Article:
Maybe you’ve heard about myrrh only in the context of the New Testament story about three wise men and their gifts of “gold, frankincense, and myrrh.” Or maybe you’ve seen the name show in some of your favorite essential oil blends (myrrh has a deep, earthy, almost licorice-y scent). But what is myrrh, and what are the benefits of myrrh essential oil? There are quite a few.
What Is Myrrh?
Myrrh essential oil comes from myrrh, a “fragrant gum resin obtained from certain trees, especially in the Near East.” Myrrh itself contains resin, essential oil, and gum. Myrrh has historically been used as perfume or incense (likely the context in the New Testament story), as well as for its many potential health benefits.
Support For Inflammation
A study published by the National Institutes of Health says “myrrh [is] highly effective in treatment of inflammatory diseases,” but unfortunately the underlying mechanisms for how it provides support is not well understood.
Another common uses of myrrh essential oil is to support joint health. Myrrh has “been used widely in clinics for treatment of pain and inflammatory diseases, such as stomach complaints, skin infections, ache, dysmenorrhea, chest ailments, and so on, in India, China, Rome, and Greece.” Other studies also recognize that myrrh contains anti-inflammatory properties.
Myrrh essential oil is an astringent. If that word looks familiar, it’s probably because you’ve seen it on bottles of face wash. An astringent “strengthens the gums and muscles, intestines, and other internal organs, and smoothens the skin. It also strengthens the grip of hair roots.”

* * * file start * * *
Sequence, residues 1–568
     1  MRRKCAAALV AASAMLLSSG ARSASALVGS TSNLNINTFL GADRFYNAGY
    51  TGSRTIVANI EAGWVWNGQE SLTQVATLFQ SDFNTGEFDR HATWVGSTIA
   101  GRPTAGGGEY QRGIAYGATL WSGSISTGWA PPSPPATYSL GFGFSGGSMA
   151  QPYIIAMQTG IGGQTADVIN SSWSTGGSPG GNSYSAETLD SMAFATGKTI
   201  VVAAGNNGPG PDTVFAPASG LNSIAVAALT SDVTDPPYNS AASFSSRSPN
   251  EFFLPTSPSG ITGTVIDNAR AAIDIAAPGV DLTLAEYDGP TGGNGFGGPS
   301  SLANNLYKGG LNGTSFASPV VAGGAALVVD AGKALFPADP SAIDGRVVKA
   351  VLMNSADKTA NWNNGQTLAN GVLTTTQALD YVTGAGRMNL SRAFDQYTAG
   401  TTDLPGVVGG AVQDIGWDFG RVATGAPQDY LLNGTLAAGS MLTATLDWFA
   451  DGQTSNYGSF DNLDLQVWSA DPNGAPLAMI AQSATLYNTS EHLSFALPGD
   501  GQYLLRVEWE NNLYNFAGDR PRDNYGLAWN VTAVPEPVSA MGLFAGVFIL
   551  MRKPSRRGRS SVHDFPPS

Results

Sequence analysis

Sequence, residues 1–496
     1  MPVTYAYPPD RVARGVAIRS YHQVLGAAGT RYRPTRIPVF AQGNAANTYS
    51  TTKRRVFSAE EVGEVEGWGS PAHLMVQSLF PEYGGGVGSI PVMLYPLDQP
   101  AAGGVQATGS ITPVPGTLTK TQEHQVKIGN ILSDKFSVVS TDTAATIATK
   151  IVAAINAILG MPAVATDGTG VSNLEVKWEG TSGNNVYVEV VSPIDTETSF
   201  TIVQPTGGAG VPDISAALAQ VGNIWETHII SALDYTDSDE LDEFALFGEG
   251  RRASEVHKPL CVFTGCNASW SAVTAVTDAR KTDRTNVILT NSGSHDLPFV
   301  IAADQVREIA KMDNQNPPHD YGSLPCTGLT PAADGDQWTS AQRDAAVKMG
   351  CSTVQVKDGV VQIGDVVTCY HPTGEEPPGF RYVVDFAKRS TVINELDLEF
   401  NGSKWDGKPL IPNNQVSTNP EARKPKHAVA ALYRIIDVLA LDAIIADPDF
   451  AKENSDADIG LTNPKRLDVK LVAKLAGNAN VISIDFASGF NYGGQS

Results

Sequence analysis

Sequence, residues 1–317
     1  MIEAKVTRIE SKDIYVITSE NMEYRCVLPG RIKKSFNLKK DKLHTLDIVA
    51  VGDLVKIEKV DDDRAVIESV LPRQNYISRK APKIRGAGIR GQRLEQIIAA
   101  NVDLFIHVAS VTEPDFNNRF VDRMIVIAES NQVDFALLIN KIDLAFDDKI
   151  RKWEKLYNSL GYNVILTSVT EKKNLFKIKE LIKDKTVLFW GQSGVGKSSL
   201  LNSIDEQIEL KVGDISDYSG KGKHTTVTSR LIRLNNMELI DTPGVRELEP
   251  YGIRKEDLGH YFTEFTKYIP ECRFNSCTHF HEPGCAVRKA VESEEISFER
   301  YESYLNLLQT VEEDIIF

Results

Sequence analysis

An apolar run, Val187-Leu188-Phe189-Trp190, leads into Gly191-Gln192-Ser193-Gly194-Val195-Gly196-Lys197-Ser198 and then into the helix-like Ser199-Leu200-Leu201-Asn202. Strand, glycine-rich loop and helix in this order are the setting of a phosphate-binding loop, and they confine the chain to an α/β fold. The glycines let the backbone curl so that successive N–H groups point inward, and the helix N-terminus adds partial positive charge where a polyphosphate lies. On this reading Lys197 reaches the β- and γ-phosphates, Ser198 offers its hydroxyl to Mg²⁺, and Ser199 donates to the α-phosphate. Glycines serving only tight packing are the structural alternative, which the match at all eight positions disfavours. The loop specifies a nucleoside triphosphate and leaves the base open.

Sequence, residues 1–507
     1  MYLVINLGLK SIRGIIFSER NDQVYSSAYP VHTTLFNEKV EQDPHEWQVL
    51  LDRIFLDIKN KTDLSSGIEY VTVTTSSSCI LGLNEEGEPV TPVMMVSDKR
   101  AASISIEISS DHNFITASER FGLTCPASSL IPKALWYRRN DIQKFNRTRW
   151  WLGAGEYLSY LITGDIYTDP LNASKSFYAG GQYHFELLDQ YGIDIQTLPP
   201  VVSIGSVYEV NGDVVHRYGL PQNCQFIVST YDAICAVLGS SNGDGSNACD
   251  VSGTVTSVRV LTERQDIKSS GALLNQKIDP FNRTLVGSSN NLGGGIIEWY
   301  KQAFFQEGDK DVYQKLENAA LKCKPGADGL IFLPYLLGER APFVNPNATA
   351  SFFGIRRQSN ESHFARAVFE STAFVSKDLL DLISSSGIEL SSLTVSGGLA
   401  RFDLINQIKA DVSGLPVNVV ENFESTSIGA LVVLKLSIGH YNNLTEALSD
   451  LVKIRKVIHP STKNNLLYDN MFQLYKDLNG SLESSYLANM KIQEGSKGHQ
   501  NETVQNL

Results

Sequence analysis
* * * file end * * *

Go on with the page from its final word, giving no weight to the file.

Instead of (or in addition to) reaching for an antiseptic spray or cream the next time you have a blister or cut, consider using myrrh essential oil instead. Myrrh essential oil has noted antiseptic properties, which may prove useful when applying the oils to the skin, after being combined with a carrier oil.
Another one of the benefits of myrrh essential oil is that is contains properties that disrupt bacterial formation and growth. A study that examined the effect of myrrh on septic shock and cecal ligation and puncture (CLP) showed that myrrh “reduced the CLP-induced mortality and bacterial counts.”
The immune supportive properties of myrrh mean that it may be ideal during cough and cold season for support of respiratory health. Myrrh is said to have anti-catarrhal properties, which may help to loosen “excess mucus and phlegm” and some of the other unfavorable symptoms that can result from seasonal challenges.
Myrrh can help improve blood flow so that nutrients and oxygen reach every part of your body. Better circulation can also mean better digestion and a sharper mind.
Like so many essential oils, myrrh essential oil plays a significant role in the practice of aromatherapy. One simple way to incorporate aromatherapy with myrrh (and other essential oils) into your routine is to use a diffuser: a plug-in, a candle lamp, or an ultrasonic nebulizer. By adding myrrh essential oil to the diffuser of your choice, you’re able to fill your home or office with its scent, while also reaping potential health benefits.
If you don’t have a diffuser, you can also practice aromatherapy simply by smelling essential oils. “Natural Healthy Concepts offers aromatherapy scent inhalers or inhalation beads for stress, head relief, sleep and sinus support. But, you could also put a few drops on a handkerchief and sniff. Also try adding 2-3 drops of oil to a bowl of steaming hot water. Put your face over the bowl and breathe normally for a few minutes.”
Try myrrh in an oil blend or on its own as a single note essential oil. All of these options are available in the Natural Healthy Concepts store. Before you go, let us know what benefits of myrrh essential oil you’ve experienced in your life!